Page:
I'm satisfied with the answer I got, but my only response at this point is I just hope all 125 of those bands have something in common soundwise.

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NintenTheMetalhead
Metal newbie

Joined: Sun Nov 05, 2017 6:12 pm
Posts: 62
PostPosted: Tue Jul 07, 2020 5:28 pm 
 

Even though this isn't really lyrics based, it can be kinda compared to the "melodic groove metal" tag. The term is seemingly more or less used to get the point across that it sounds like that. I'm guessing RAC is similar.

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laxskinn
Metal newbie

Joined: Wed Jan 30, 2008 7:12 pm
Posts: 150
Location: Sweden
PostPosted: Thu Jul 09, 2020 9:31 am 
 

I see a lot of bands with the tag Black metal/RAC, and I get the feeling it's sometimes used simply as a replacement for NSBM. An actual mix of the two genres seem like it wouldn't be that common.

Also, by defining RAC as a musical genre, wouldn't this in theory mean that a band could play RAC with lyrics about tolerance? Or pro communist RAC?

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Kennermahn
Metal newbie

Joined: Fri Jan 04, 2019 1:36 am
Posts: 102
PostPosted: Thu Jul 09, 2020 11:30 am 
 

laxskinn wrote:
Also, by defining RAC as a musical genre, wouldn't this in theory mean that a band could play RAC with lyrics about tolerance? Or pro communist RAC?


I'm not a mod but as someone who has added a few of these bands I guess I can provide some input here. The RAC tag is used I believe for those bands with Oi! influences but with a generally more "hostile" tone AND the far-right lyrics; you definitely can't be considered RAC without the latter. It's like the difference between sludge metal and stoner metal sometimes I think, the sound is similar but sludge metal is "darker" in every aspect.

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PaganiusI
Zee Bombelecher

Joined: Fri Jan 16, 2015 3:49 pm
Posts: 1587
Location: Germany
PostPosted: Thu Jul 09, 2020 2:12 pm 
 

laxskinn wrote:
I see a lot of bands with the tag Black metal/RAC, and I get the feeling it's sometimes used simply as a replacement for NSBM. An actual mix of the two genres seem like it wouldn't be that common.

Also, by defining RAC as a musical genre, wouldn't this in theory mean that a band could play RAC with lyrics about tolerance? Or pro communist RAC?

RAC implies a politically motivated stance of the band, yet the sound itself doesn't have to be right-winged per se. It just happens to almost always be the case.
Incidentally there's a huge scene in Germany that's built around the band Böhse Onkelz (most of them even started as cover bands), that are playing some sort of blend of Oi!/RAC, dirty Rock'n'Roll and Punk. The scene claims to be apolitical and many bands in that scene are promoting themselves as opposing right-winged ideas, but one can't deny the fact that there's a huge overlap between their fanbase and RAC.
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GuardAwakening
Metal newbie

Joined: Thu Sep 20, 2012 8:35 pm
Posts: 248
Location: United States
PostPosted: Mon Jul 13, 2020 4:40 pm 
 

NintenTheMetalhead wrote:
Even though this isn't really lyrics based, it can be kinda compared to the "melodic groove metal" tag.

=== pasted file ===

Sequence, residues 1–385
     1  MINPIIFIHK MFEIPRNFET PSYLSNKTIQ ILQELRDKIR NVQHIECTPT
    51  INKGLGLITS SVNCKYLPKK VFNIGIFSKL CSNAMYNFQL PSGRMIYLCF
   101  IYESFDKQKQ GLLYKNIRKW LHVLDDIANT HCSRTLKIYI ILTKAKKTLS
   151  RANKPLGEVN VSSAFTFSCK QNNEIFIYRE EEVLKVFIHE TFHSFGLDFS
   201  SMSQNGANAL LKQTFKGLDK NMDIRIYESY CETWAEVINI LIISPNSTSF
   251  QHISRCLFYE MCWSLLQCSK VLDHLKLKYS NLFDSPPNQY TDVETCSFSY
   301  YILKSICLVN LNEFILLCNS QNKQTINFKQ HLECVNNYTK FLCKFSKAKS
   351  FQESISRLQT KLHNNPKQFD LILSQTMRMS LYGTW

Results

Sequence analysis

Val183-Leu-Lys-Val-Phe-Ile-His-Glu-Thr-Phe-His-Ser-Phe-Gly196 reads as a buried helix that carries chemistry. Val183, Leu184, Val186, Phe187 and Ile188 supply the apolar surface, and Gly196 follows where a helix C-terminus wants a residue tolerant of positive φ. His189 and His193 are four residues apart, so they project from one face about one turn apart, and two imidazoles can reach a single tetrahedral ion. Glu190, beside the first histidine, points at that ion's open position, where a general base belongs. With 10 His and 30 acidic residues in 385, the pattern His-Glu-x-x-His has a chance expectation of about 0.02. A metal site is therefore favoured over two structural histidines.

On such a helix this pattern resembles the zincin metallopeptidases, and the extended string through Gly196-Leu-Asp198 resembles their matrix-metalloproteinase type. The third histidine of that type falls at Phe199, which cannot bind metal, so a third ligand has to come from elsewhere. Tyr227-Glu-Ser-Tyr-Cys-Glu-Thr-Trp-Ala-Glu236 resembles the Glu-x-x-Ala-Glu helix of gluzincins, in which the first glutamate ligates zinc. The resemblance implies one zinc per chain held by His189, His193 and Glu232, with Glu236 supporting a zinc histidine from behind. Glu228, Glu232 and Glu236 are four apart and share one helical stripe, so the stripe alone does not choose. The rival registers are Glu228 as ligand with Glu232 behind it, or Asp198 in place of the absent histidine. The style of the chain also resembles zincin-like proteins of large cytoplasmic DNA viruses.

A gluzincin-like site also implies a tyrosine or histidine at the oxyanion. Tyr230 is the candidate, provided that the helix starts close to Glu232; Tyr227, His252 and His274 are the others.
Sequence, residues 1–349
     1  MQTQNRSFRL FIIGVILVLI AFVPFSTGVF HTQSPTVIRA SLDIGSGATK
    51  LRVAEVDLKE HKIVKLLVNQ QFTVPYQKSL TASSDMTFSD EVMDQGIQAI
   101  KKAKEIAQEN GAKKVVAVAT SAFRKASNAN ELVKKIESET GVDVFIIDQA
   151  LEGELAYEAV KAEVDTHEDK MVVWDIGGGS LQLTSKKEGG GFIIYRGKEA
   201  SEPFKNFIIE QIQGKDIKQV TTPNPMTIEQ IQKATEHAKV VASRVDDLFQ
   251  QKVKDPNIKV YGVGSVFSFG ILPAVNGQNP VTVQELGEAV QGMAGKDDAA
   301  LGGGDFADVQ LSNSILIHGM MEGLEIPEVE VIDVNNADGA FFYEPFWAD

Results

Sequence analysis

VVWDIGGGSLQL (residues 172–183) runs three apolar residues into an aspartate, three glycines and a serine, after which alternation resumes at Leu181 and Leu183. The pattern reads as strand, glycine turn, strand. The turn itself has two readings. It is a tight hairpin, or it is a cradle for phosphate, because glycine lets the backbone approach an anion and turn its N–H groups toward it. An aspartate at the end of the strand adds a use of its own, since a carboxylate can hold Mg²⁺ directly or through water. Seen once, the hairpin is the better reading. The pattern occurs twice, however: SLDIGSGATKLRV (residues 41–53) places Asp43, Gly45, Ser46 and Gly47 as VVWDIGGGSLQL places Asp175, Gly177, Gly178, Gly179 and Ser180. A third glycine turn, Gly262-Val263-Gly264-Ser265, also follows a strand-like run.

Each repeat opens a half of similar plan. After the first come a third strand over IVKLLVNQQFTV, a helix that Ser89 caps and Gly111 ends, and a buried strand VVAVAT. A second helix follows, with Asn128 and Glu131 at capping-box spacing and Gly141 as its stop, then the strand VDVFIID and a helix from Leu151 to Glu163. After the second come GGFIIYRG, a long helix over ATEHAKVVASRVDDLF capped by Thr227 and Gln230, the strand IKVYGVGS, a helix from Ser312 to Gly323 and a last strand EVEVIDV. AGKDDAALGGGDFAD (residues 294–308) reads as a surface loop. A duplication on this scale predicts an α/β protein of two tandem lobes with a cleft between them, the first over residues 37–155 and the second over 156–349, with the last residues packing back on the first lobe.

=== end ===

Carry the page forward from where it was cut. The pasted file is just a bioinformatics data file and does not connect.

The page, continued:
This is correct, coming from someone whose worked on here for a while now (especially when it comes to genres) I can indeed confirm that the "genre" on metal archives ins't always literally genres. The term "melodic" or "technical" can virtually be added, as a prefix, to almost any genre on the site. As long as it gives the reader an idea of what the band sounds like, that's done it's job. You're not gonna be seeing a Subreddit fandom exclusively fixated on "Melodic brutal death metal" or "Technical power/industrial metal" bands anytime soon.

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Derigin
The Mountain Man

Joined: Sun Jan 01, 2006 6:25 am
Posts: 5689
Location: Canada
PostPosted: Mon Jul 13, 2020 5:15 pm 
 

Sorta? There's a difference between a genre and a genre descriptor/qualifier. In the genre field, there should always be a baseline genre (which is usually a term that ends in "metal" when we're dealing with heavy metal music). For instance, "Heavy Metal", "Black Metal", "Doom Metal", are all terms we consider well-established baseline genres. A genre descriptor or qualifier is something you add onto that to flesh it out a bit more, much like an adjective is to a noun. There's classic examples like "melodic", "progressive", "technical", "atmospheric", "raw" and so on; you can usually find these across numerous baseline genres. On occasion there's baseline genres that are themselves turned into adjectives, for example, "blackened" is one of them. And then there's the descriptor "with X influences", not as common as it used to be, which provides context for a genre that has a hint or a taste of another genre. It all sounds sorta convoluted and complicated, but in reality it's not. And some of these descriptor + genre combos do become widely recognized styles and scenes in their own right; "brutal death metal", "atmospheric black metal" and "raw black metal" for instance.

There is a limit to this, however, particularly when it's just a redundancy at that point. You'll never have "progressive progressive metal", that's just silly.